Every moment- but most especially today- we should celebrate young people and the great potential they have. Happy International Youth Day!
I’ve been fortunate to meet and talk to several bright young people in my work. Last May, on the sidelines of the Bologna Ministerial Conference in Armenia, I had a chance to visit the (World Bank-supported) Simulation Center at the Yerevan State Medical University. My colleagues from Armenia and I observed how mannequins connected to a computer simulated medical situations where students would work on a dummy and it would ‘respond’ to them by closely mimicking the reactions of real-life patients. The university rector, Professor Narimanyan, explained that this innovative method allows students to upgrade their practical skills and reduce the number of mistakes they could potentially make in their medical careers.
I think that this university center is a good example of how to improve the practical skills of graduates and foster innovation, which is needed, not only in Armenia but worldwide.
In 2000, the Europe and Central Asia region was the fastest growing region among emerging economies and economic growth was accompanied by stronger growth in labor productivity. However, the economic crisis has made the issue of employability even more pressing and it’s time to consider what higher education systems and institutions can do to strengthen the links in between tertiary education and the labor market.
The importance of skills
A key factor for both labor force participation and labor productivity is skills. It is common knowledge that due to the impact of fast-emerging – and often ICT-related - technologies and changes in the organization of work, jobs that involve routine tasks that are easy to automate are disappearing, while new employment creation involves tasks demanding skills that are non-routine (e.g., analytical, creative, interpersonal) and that humans are still better at than machines.
As labor force surveys and recent World Bank reports have shown, younger workers are – in principle - coping better with these shifts in the demand for skills, while there is a concern that older workers may be at higher risk of suffering from skills obsolescence. However, as we know from PISA, many education systems find it challenging to prepare young people for this new world.
Education is still often characterized by rote learning and repetition instead of teaching to reason and focusing on problem-solving skills and real-world issues. This certainly applies to primary and secondary education but it is also a problem for tertiary education. Thus, skills have become a severe constraint to growth and employers have highlighted this on various occasions.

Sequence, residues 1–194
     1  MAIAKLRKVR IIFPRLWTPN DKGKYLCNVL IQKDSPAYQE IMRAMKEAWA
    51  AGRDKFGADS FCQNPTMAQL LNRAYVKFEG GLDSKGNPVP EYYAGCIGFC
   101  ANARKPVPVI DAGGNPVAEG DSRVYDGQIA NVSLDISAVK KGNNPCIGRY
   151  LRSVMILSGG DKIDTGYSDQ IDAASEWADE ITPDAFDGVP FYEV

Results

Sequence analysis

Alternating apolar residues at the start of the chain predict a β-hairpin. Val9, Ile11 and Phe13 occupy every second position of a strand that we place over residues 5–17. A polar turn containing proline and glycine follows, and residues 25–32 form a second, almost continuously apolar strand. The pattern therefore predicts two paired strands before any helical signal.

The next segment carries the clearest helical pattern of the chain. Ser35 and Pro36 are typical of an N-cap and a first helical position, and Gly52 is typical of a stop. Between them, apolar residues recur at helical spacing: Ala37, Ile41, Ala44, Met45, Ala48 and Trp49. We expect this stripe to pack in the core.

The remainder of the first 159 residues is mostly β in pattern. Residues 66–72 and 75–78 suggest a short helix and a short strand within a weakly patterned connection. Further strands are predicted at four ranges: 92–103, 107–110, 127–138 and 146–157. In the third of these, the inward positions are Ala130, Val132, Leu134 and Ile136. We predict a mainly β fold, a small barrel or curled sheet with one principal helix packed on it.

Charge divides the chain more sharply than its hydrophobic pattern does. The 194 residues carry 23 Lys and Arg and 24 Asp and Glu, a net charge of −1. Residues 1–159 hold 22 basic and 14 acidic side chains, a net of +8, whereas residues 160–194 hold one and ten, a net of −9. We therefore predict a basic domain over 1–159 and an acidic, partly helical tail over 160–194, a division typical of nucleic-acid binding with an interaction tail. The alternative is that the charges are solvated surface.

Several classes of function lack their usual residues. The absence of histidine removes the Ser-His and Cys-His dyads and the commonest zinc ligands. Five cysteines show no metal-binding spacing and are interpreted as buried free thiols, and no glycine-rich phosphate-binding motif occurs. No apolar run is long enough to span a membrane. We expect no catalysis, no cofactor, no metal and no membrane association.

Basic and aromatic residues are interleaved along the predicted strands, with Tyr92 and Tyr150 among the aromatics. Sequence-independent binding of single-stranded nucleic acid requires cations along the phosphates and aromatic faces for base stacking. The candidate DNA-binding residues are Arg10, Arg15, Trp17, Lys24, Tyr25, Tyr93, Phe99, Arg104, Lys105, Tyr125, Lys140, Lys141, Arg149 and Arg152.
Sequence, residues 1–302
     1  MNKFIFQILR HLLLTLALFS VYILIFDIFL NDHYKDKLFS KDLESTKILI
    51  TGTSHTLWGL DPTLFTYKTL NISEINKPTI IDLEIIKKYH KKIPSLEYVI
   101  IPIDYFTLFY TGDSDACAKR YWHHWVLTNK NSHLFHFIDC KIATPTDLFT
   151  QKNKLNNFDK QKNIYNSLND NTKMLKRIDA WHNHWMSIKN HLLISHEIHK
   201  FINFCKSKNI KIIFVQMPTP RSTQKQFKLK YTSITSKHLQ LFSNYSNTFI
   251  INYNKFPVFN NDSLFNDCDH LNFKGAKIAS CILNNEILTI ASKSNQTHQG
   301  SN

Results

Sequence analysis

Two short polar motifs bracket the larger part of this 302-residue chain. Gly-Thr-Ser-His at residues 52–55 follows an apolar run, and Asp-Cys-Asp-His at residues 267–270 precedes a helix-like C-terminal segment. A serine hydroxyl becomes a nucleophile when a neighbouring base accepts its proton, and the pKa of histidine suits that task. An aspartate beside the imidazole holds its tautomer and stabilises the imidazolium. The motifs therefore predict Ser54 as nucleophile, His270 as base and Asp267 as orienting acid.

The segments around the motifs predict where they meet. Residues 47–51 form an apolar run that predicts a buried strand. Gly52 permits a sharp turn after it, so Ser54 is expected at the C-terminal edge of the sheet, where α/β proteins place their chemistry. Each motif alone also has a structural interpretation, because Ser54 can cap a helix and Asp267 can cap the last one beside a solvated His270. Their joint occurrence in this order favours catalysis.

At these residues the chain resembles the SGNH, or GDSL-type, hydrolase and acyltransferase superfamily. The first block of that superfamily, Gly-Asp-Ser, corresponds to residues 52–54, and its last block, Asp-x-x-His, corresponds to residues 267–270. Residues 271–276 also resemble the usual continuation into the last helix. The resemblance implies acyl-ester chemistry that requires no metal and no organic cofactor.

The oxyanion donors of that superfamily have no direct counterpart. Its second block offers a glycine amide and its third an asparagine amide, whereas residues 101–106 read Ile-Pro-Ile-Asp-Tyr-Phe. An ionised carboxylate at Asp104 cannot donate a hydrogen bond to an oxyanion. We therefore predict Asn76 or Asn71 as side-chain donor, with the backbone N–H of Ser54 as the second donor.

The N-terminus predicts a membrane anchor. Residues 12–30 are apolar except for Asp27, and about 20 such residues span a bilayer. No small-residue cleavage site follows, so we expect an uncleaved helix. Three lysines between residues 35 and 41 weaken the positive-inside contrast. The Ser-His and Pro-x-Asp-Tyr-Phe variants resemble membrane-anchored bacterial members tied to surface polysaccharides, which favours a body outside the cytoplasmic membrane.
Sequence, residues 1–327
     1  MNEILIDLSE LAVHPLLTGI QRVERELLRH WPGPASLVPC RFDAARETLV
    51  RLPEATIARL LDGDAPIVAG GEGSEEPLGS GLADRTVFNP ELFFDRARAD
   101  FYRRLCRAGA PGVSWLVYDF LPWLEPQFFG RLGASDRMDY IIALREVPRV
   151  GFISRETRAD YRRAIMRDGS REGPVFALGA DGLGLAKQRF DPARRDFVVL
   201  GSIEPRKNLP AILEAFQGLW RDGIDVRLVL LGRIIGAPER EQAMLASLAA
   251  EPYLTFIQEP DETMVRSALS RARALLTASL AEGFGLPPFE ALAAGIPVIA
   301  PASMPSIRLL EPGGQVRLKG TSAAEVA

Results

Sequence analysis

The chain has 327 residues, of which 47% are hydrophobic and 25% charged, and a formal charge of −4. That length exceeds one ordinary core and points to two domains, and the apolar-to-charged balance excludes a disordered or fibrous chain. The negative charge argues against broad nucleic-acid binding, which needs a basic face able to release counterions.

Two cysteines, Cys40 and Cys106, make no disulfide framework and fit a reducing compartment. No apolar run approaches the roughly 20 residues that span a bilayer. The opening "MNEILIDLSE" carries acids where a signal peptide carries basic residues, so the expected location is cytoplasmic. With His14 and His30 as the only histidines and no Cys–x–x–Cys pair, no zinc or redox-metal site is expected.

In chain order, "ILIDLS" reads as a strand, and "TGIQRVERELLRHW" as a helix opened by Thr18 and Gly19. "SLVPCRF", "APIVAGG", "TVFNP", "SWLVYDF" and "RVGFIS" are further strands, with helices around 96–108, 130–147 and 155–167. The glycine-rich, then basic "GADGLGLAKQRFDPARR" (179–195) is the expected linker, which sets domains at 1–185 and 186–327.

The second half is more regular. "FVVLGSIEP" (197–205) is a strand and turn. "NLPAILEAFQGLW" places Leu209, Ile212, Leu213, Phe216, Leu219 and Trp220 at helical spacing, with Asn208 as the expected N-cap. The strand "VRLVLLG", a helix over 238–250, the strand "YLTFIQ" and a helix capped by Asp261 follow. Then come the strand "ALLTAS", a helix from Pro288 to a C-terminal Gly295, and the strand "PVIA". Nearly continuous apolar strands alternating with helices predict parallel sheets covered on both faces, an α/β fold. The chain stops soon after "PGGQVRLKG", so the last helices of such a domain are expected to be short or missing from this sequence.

Tertiary education has an important role to play
The question for us today is how can tertiary education systems respond to these challenges and play a stronger role in preparing young people for the labor market?
Tertiary education can be a powerful engine for building a better society, for productivity and growth. It contributes through the production of advanced knowledge, skills and competences, through basic and applied research but also through its so-called ‘third mission’ – a wider service to the community. It needs to function as a system of connected actors: institutions interact with each other, employers, and companies, research institutions but also earlier education providers. If these connections don’t work, it is difficult for universities to live up to their potential.
It is also important for universities to prepare and retrain professionals for a world where demand for routine work is systematically disappearing, as machines and ICT are replacing workers. Demand for more elaborate design thinking yet, is still on the rise. Thus, besides an initial education and training function on the tertiary level, universities can and indeed should also play an important role with regard to lifelong learning.
Connecting universities to the labor market
Good quality information is another area which is critical for connecting universities to the world of work. Curricula need to be based on agreed generic and professional or technical learning outcomes – developed jointly by the higher education sector, employers and other key stakeholders - and institutions needed to support students through practical placements, internships, career guidance and labor market information. This seems overly evident but often such provisions are not in place and students are left on their own.
I would also like to mention bridging programs in the context of employability, i.e. programs which help academically less prepared students – sometimes with previous work experience - to get a better start at university by building a bridge between their current level of preparation and the university experience. Such programs can contribute significantly to the success of the learner and also to his or her future career. One example is the bridging program under the World Bank Secondary Education project in Romania.
Overall, there needs to be appropriate governance, management, financing and quality assurance systems in place in order to enable universities to fulfill their missions concerning societal and labor market demands. In addition, there is a multitude of specific measures which can increase employability at the institutional level – an area which becomes increasingly important for World Bank clients and to which the World Bank contributes through advisory work and operations
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